Meet Chris Mulhall
Position: HuskyTHON Co-Director of Donation Management
Organizations that you belong to/leadership positions that you hold:
Brother of Beta Theta Pi
President of UConn Triathlon Club
Member of RunUC
What is your favorite HuskyTHON memory?
It’s hard to say one in particular, but I’d say walking into my first HuskyTHON ever as a freshman in 2013. I had no idea what to expect, and the Morale tunnel when I walked in was overwhelming at first, but in a good way, because I quickly realized what an incredible event this was.
What does your job entail as Co-Director of Donation Management?
As the name implies, we handle a lot of money. Any time someone has cash or check donations, we (myself, my co-director Ryan Profetto, and Jess Solotruk, the VP of Fundraising) record and deposit them. Each week we hold office hours in the Student Organization Center (SOC) so that people can bring in any offline doations they have. We also typically handle the cash box at any events we host, and have administrator access to Donor Drive, our online fundraising website, so that we can help people if they have any issues with their pages (need to be switched to a different type, want to be a dancer instead of a volunteer, etc).
Chris is a junior PNB major on campus. Here he poses with fellow Management Team members.
How did you get this position?
Applications for the entire management team went out a few weeks after HuskyTHON last year. I applied for the donation management position, was interviewed, and ultimately selected to hold the position for HuskyTHON 2015.
What inspired you to apply for this position?
I knew I definitely wanted to apply for the Management Team for HuskyTHON 2015. I’ve had experience as the treasurer of different organizations in the past, so when I read through all the positions, I felt that this one best fit my skill set and experiences.
How does your role fit in with the other roles for HuskyTHON?
Collaboration is a huge part of HuskyTHON. An example would be with our recent 24-hour fundraising effort, dubbed 24-25-26. Two members of the Management Team planned the overall event, while the communications team promoted it, the recruitment team reached out to individuals, the operations team planned events like our Late Night, and the fundraising team spent a lot of the day in the SOC collecting cash and check donations. Basically, there are never two situations that are exactly the same, but we’ll answer money-related questions related to an event or idea just like the communications team would answer publicity-related questions or the Community Relations team would answer questions about patient families at the hospital. Additionally, even though we all have responsibilities with our positions, we share the responsibility of coming up with new ideas and bouncing them off each other at weekly meetings.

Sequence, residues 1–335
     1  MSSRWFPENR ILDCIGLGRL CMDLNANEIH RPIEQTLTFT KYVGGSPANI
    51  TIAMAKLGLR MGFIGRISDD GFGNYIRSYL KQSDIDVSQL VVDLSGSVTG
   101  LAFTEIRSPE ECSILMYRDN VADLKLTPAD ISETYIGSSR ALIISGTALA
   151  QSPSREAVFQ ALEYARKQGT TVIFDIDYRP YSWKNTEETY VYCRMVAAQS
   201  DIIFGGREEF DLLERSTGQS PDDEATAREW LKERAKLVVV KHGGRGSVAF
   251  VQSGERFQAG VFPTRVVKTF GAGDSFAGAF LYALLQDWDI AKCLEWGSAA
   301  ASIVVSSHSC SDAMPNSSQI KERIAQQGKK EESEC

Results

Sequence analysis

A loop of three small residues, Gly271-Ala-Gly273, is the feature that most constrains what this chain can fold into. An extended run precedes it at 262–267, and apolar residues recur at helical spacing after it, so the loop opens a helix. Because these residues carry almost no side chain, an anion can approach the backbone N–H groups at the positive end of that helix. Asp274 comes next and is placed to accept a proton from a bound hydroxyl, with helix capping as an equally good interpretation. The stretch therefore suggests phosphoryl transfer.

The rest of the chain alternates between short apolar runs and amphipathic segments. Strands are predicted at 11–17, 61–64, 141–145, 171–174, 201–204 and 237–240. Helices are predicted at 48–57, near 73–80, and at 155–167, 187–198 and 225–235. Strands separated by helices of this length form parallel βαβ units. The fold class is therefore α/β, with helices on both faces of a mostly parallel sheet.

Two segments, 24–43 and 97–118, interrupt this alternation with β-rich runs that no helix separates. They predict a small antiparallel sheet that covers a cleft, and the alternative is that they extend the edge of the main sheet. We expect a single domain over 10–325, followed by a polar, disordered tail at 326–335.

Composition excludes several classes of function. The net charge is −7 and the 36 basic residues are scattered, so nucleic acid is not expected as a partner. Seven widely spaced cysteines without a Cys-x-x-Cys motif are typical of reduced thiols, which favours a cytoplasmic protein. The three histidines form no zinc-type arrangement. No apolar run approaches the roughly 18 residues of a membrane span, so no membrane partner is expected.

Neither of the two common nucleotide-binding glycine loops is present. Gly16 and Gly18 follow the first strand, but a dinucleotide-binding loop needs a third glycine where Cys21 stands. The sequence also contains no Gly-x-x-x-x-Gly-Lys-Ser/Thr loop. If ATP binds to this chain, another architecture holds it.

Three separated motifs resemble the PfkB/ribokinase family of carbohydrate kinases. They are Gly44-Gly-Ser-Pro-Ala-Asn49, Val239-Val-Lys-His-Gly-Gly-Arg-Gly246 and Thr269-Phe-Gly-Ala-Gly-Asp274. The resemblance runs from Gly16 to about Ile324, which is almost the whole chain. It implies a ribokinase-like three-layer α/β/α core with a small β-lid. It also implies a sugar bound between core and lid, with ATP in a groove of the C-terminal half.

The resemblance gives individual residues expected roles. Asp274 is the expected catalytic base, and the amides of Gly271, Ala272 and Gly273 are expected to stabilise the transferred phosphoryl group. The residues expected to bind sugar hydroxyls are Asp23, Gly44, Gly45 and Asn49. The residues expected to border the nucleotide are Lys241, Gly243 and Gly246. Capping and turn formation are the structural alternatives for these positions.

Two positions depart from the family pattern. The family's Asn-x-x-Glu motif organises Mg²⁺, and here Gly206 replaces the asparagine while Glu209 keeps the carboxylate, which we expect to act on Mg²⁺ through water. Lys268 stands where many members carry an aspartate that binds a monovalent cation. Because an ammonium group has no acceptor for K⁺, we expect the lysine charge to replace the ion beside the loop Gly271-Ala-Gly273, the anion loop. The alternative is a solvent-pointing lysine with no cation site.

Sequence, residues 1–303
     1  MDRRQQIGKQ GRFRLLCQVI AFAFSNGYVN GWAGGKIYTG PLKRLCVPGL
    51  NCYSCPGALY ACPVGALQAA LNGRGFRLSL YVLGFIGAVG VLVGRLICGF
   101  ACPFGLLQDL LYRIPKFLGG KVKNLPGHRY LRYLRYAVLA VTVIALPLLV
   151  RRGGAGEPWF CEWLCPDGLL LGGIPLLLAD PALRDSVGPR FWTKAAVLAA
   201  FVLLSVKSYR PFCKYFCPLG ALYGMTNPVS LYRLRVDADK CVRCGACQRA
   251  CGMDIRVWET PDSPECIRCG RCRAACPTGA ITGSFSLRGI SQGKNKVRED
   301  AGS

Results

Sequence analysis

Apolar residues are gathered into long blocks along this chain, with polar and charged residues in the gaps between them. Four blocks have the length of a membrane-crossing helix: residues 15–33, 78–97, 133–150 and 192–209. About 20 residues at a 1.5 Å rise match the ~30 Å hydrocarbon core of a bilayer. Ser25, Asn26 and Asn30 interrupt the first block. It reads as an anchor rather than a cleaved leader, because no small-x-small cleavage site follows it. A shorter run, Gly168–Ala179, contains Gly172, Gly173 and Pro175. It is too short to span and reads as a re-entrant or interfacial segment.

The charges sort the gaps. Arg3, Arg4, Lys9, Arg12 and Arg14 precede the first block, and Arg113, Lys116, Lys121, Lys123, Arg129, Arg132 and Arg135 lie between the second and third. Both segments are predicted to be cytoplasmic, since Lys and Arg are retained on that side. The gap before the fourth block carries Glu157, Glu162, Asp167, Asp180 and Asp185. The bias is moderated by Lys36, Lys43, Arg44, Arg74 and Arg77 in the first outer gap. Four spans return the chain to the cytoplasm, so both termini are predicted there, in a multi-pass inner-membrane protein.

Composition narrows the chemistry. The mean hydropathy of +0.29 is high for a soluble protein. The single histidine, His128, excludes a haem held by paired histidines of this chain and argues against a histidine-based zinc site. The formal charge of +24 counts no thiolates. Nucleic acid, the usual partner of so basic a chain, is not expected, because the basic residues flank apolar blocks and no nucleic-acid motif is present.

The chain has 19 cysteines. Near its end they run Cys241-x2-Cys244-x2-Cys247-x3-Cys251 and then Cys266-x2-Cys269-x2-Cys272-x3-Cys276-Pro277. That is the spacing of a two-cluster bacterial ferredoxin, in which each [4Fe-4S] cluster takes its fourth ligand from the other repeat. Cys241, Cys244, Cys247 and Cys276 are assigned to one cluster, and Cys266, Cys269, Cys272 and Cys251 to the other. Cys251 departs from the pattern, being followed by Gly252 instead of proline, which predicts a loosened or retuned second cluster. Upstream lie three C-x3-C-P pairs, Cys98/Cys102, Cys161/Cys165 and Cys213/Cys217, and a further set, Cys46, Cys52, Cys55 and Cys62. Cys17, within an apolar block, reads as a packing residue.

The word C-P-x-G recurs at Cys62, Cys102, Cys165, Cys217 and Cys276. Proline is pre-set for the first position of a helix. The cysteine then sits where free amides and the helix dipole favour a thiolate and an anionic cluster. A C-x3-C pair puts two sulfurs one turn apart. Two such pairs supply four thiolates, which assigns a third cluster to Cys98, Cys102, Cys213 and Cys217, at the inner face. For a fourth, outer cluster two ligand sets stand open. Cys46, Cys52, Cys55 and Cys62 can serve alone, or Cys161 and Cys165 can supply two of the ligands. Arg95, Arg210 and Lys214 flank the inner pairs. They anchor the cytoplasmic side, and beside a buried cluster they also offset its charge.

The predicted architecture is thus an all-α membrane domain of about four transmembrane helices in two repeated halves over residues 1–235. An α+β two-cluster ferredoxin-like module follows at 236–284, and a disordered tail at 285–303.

Chris is dancing FTK on March 7th. Will you be dancing with him?
What is the most rewarding part of HuskyTHON for you?
Seeing such a huge number of students (over 2,000) representing a number of different areas and organizations on campus (academic clubs, friend groups, Greek life, residence halls, etc) come together to support the same cause, and knowing that our collective efforts are part of what allow the hospital to operate every year.
How do you juggle running a yearlong fundraiser with your classwork and other responsibilities?
The key is organization. You have to set aside time to answer e-mails and do other HuskyTHON-related things, but keep that time separate from your time for classwork and other outside activities, like the Triathlon Club, in my case. With that said, it’s important to be realistic about how much time something will take, because around now, with HuskyTHON three days away, it’s obviously going to take up more time than it did back in September. Collaboration comes into play a lot here too, because what might be a huge task for an individual could be very manageable with a few people involved. The fundraising team, and entire management team, is extremely helpful, so if I e-mail or send a text asking for help with something, someone will always step up.